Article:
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Inflammopharmacology. 2010 Dec;18(6):309-15. doi: 10.1007/s10787-010-0053-5. Epub 2010 Aug 22.

Antihypercholesterolaemic effect of ginger rhizome (Zingiber officinale) in rats.

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1
Department of Pharmacology, Faculty of Medicine, Cairo University, Cairo, Egypt.

Abstract

INTRODUCTION:

Many herbal medicinal products have potential hypocholesterolaemic activity and encouraging safety profiles. However, only a limited amount of clinical research exists to support their efficacy.

AIM OF THE WORK:

The present study was designed to evaluate the antihypercholesterolaemic effects of aqueous ginger (Zingiber officinale) infusion in hypercholesterolaemic rat models.

METHODS:

48 rats were used throughout the experiment, which were divided into six groups, eight animals each as follows: normal control group (normal rats which fed with standard diet). After induction of hypercholesterolaemia by feeding rats with high cholesterol diet, the remaining rats were divided into five groups: group 1, hypercholesterolaemic control group (hypercholesterolaemic rats group); groups 2, 3 and 4, rats were given aqueous infusion of ginger (100, 200 and 400 mg/kg, respectively) orally; and group 5, rats were given atorvastatin (0.18 mg/kg) orally as a reference antihypercholesterolaemic drug. The blood was obtained from all groups of rats after being lightly anaesthetized with ether and the following lipid profile [serum total cholesterol (TC), HDL-cholesterol (HDL-C), LDL-C and triglyceride levels] was measured at zero time and 2 and 4 weeks after ginger and atorvastatin treatment, and the risk ratio (TC/HDL-cholesterol) was assessed.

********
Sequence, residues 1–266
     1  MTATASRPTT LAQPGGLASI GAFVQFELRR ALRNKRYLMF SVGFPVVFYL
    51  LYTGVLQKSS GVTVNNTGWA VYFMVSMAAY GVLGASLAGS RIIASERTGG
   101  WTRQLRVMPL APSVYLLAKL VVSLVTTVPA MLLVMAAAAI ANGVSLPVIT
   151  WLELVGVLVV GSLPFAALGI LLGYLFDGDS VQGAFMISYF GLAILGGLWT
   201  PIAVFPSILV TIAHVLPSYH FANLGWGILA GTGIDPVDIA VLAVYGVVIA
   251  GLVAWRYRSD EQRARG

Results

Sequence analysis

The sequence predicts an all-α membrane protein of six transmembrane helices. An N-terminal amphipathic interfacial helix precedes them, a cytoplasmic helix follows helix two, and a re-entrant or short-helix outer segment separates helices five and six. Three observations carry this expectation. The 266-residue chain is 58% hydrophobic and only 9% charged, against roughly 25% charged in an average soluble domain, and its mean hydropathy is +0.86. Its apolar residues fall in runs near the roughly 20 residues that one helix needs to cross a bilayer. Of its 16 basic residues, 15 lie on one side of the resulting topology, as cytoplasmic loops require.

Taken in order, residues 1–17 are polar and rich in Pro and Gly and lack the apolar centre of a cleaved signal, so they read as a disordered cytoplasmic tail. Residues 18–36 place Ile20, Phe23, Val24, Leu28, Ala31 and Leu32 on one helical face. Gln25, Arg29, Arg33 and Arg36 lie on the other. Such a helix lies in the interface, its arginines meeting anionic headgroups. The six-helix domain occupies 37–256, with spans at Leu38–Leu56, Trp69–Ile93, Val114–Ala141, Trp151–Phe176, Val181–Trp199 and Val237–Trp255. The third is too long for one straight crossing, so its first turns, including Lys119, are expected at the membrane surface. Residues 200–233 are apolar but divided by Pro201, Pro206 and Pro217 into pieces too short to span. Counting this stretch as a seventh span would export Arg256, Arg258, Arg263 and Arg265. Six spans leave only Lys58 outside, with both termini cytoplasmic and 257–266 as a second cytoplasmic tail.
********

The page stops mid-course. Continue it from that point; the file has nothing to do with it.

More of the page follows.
RESULTS:

The results revealed that the hypercholesterolaemic rats treated with aqueous ginger infusion in the three doses used after 2 and 4 weeks of treatment induce significant decrease in all lipid profile parameters which were measured and improved the risk ratio.

PMID:
20730603
DOI:
10.1007/s10787-010-0053-5
[Indexed for MEDLINE]
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